If they can make a deal together and act as a monopoly, when only one firm dominates the industry, they could maximize industry profits. Sometimes, however, they may want to compete with their rivals to gain a bigger share of industry profits for themselves.In this case, Caltex, BP and Mobil are trying to “coordinate conduct” in order to maximize industry profits. According to the article, they “lead up the price all the time”, “exchange information” through the website and what they are doing is “foster[ing] anti-competitive behavior”.

This is clearly a collusive oligopoly for petrol market in the US. This can be show in a graph:As the graph shown, the firms are earning abnormal profits. They produce at MC=MR, the profit-maximizing point and charge price higher than their average cost curve.

A collusive oligopoly happens when firms under oligopoly engage in collusion, they may agree on prices or market shares. Formal collusion is when firms openly agree on the price that they will all charge. Tacit collusion is when firms charge the same prices without any cartel. For example, a firm may charge the same price as another by looking at the prices of the price leader of the industry or its main rivals. In that case, it is unnecessary to communicate to be able to charge at the same price.In this case, Caltex, BP and Mobil might not have a cartel, but they did informally limit competition between themselves. “They see what each is doing” and “high visibility of prices” through the website are evidences for their collusion.

Furthermore, as the article mentioned, the “Informed Sources website” does “foster anti-competitive behavior”. Although it is not illegal, it is harmful for consumers. If the firms are anti-competitive, the prices will be held high.

Also, if all the firms charge at the same price, the firms who are producing at higher production costs will lower their products’ quality in order to decrease their production costs.In this case, the government needs to take some actions in order to break the collusive oligopoly from “lead the price hike every time”. They may produce the products themselves, so they can increase the supply and so decrease the quantity demand curve for the collusive oligopoly. But this may costs a lot for the government, eventually affects the tax that people pays. So it might not be the best way to solve the problem.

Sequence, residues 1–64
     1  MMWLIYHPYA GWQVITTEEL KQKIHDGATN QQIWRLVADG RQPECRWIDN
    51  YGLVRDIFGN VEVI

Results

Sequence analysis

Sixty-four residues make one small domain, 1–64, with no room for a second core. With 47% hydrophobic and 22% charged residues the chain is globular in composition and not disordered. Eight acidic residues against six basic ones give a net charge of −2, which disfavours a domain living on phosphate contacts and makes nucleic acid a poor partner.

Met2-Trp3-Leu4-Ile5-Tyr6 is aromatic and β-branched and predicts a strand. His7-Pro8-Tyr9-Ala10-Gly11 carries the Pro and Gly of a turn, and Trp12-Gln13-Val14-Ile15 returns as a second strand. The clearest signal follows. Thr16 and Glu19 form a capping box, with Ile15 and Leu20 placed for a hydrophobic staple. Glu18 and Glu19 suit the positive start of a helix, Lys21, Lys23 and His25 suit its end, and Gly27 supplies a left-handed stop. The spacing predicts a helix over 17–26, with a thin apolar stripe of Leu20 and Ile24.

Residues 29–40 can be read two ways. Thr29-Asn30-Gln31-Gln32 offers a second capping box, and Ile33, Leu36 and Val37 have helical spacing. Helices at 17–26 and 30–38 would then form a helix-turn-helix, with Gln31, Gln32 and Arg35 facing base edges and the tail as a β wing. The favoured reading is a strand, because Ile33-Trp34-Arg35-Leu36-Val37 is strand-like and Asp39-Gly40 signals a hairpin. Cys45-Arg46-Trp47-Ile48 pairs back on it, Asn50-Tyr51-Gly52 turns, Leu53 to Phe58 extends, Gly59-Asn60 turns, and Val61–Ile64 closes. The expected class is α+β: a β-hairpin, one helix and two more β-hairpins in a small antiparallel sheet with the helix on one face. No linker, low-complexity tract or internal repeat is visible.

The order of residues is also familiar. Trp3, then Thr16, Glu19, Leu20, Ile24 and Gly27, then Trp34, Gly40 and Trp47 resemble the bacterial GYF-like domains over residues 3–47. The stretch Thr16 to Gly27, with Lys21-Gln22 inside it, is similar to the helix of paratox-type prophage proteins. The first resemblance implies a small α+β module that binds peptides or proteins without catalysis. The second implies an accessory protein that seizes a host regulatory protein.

The government also may import petrol from other country to compete with Caltex, BP and Mobil. So the consumer will have more choices from other countries and moreover, the price will not be held too high all the time. However, the disadvantage for this solution is that it will lower domestic market’s profit. And this will cause the US petrol firms can’t do more research and development on their products.As the graph shown, if the government successfully solves the problem of collusive oligopoly, the demand will become a kinked demand curve. The demand is relatively elastic at higher prices, because if the firm raises its prices, no one will follow. The demand is relatively inelastic at lower prices, because if the firm reduces price, rivals are forced to lower theirs.

In brief, the best solution for the government is to import petrol from other countries because the domestic petrol market is colluding to earn abnormal profits, which is not fair to other firms and consumers. Also, this action would increase supply and change the current market situation to a competitive one. Moreover, the price would be more stable and consumers would have more choices to purchases.